This déjà vu road trip set a couple of new high-water marks for the CX-9. I drove it 461.4 miles on a single tank, up from the previous best of 408.9 miles. The best calculated fuel economy I saw was 26.7 mpg, which beat the EPA highway rating and destroyed the previous best of 24.5 mpg set in December. In fact, the entirety of this 1,956-mile trip went down at an average of 25 mpg and beat that previous best tank.
You'd think a performance like that would do wonders for the CX-9's lifetime average. In reality, the needle barely moved, rising from 21.7 mpg to just 21.9 mpg. Why didn't this road trip give the overall number a bigger boost?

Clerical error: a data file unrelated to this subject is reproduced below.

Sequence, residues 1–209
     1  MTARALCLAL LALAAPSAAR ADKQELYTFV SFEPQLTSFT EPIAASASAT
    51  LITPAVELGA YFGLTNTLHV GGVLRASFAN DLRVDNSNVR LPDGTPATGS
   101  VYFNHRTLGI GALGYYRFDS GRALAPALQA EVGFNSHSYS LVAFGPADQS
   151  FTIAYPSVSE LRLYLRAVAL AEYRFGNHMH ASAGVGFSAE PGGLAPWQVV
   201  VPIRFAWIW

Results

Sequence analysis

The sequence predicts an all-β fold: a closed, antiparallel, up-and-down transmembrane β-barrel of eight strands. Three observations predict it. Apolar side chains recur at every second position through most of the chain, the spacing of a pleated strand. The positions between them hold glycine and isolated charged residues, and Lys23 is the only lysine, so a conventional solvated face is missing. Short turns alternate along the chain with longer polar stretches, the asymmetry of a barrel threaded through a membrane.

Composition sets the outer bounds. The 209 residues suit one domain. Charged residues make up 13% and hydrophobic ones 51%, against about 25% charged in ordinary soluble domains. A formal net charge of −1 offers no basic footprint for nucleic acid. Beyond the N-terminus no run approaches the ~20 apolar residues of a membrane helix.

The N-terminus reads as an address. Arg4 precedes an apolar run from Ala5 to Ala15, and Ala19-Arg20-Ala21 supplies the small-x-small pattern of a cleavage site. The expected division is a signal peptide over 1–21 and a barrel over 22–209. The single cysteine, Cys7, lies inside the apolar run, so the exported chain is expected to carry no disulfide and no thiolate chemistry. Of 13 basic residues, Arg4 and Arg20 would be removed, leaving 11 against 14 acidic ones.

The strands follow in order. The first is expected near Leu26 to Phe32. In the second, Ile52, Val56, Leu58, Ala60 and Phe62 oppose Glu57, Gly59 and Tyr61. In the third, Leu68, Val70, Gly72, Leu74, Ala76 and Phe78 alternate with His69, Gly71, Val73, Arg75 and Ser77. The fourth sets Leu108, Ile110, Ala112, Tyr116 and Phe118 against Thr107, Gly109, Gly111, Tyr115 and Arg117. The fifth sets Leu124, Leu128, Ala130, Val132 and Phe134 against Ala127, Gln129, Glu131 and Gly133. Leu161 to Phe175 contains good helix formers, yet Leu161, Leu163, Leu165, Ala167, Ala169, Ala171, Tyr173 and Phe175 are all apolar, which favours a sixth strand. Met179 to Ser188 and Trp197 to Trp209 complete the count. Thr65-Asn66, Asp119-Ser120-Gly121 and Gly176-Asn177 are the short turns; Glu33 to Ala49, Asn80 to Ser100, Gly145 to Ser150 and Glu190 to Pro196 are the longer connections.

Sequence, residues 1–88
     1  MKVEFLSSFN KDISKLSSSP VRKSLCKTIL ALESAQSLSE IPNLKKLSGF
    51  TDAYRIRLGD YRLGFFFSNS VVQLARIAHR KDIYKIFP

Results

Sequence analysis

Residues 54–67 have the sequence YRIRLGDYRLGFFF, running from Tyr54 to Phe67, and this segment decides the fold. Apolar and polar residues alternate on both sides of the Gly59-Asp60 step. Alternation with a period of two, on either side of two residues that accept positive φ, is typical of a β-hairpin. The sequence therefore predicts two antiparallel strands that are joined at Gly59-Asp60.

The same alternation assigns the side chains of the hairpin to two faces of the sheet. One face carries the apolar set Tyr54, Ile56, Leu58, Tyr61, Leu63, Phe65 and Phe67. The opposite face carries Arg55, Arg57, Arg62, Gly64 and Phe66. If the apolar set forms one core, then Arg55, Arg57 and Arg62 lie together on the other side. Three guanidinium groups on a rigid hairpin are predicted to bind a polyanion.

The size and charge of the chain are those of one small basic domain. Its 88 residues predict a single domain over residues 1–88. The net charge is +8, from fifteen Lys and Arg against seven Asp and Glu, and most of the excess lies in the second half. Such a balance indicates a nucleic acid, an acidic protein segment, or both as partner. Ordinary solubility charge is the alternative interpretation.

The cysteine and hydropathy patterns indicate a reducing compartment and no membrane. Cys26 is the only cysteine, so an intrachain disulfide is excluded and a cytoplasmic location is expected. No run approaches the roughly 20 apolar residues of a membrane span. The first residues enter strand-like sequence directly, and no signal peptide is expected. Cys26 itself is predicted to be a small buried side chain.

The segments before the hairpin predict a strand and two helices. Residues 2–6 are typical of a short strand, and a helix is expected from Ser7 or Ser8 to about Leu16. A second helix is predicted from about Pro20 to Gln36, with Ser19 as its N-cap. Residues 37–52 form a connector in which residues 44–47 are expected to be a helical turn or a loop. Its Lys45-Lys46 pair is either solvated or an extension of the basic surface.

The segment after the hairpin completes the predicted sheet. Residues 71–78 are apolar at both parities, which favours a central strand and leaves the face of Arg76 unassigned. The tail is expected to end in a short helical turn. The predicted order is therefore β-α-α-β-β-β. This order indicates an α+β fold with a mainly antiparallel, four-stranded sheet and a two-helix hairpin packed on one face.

It's because of the 732 miles of city driving racked up by my colleagues before my trip. Their worst single fill-up was just 15 mpg, and the trio of tanks that made up that distance averaged a paltry 15.9 mpg — a shockingly poor performance next to an EPA city rating of 21 mpg.
Mazda products usually do better with respect to window sticker ratings, so what gives? I think it has to do with the new CX-9's switch to a small-displacement turbo engine. Such motors are favored by engineers for their ability to sip fuel when driven in the grandmotherly fashion that matches the way EPA test cycles are run. But that can mean they'll guzzle gasoline in the real world, where even regular folks are more liberal with the throttle.